Abdul-Rauf was traded to the Sacramento Kings at the end of that season, where he was promptly benched and given increasingly little playing time. He was still a great player, but when his contract ended two years later, he couldn’t get a tryout with another NBA squad. He was 29 years old. He’d received several death threats by mail and by telephone by this point, and would later have the letters “KKK” spray-painted on his property.

“It’s kind of like a setup,” Abdul-Rauf told The Undefeated’s Jesse Washington in 2016. “You know, trying to set you up to fail and so when they get rid of you, they can blame it on that as opposed to, it was really because he took these positions. They don’t want these type of examples to spread, so they’ve got to make an example of individuals like this.”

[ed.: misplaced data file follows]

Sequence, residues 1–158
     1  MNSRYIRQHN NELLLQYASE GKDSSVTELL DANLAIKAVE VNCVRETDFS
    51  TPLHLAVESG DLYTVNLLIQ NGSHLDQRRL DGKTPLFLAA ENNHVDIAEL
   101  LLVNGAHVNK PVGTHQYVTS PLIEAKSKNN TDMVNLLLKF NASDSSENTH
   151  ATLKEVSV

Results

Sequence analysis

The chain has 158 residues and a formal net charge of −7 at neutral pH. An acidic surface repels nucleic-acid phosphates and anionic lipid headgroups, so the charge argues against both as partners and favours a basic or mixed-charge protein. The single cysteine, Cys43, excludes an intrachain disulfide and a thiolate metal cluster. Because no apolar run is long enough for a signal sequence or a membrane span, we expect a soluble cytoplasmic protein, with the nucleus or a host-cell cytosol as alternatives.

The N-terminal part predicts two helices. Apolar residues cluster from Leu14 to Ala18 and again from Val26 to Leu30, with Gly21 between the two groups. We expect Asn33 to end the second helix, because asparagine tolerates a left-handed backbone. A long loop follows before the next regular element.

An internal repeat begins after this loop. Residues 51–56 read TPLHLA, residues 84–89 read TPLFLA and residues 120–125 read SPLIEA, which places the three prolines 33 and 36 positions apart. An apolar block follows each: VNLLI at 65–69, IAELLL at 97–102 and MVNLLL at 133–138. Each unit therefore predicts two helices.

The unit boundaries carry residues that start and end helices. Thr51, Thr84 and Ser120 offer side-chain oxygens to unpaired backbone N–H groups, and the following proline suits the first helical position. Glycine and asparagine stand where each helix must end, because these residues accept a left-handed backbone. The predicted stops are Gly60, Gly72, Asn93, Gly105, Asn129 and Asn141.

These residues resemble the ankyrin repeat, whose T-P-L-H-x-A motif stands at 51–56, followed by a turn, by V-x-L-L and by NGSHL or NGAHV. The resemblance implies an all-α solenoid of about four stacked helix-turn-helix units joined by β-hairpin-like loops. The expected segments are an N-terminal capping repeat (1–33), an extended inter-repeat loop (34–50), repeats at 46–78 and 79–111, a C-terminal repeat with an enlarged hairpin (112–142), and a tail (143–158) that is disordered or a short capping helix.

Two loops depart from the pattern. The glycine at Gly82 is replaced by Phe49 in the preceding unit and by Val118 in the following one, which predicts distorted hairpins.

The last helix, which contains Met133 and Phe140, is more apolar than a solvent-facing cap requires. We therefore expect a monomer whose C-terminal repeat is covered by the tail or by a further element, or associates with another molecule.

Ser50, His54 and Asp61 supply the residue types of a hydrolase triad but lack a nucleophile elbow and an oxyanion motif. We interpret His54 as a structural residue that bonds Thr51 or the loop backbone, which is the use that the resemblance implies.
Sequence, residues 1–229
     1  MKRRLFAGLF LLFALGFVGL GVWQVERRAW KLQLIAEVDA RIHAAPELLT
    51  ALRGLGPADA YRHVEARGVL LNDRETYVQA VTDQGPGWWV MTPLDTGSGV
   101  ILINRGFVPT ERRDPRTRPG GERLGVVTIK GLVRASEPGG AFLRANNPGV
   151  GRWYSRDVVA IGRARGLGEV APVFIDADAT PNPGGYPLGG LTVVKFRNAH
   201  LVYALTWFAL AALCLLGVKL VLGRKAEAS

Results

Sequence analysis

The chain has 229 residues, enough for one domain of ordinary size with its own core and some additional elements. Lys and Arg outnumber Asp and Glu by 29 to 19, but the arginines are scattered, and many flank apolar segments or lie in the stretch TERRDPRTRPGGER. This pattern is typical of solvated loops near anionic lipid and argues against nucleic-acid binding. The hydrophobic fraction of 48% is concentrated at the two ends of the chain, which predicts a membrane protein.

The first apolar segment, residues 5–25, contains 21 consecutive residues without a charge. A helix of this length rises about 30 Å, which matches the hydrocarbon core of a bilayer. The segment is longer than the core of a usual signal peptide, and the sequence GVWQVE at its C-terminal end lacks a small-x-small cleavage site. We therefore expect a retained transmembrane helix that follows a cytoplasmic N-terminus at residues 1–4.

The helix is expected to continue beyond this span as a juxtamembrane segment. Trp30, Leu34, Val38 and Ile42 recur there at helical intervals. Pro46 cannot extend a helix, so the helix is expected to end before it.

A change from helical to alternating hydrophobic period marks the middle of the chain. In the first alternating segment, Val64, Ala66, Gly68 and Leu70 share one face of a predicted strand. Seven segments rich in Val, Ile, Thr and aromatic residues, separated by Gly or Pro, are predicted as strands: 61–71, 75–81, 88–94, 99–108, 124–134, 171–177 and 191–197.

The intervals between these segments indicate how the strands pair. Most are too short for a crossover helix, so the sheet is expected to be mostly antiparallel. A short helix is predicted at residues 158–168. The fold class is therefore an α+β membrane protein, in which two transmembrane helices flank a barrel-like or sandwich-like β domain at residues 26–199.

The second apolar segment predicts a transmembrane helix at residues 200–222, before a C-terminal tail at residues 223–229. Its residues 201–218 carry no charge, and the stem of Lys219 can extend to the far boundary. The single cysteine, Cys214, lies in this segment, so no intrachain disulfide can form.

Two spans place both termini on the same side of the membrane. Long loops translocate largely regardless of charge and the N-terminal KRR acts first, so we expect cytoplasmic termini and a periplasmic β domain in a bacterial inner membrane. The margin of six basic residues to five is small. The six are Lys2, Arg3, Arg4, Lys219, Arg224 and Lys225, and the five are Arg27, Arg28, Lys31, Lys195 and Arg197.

After a brief stint in 2000 with the Vancouver Grizzlies, Abdul-Rauf spent the twilight of his professional career playing overseas. He’s expressed no regret over his political stance since, but his story remains a cautionary tale about how insidious the NBA’s methods of quelling dissent can be — even though the league may seem like a progressive alternative to the NFL.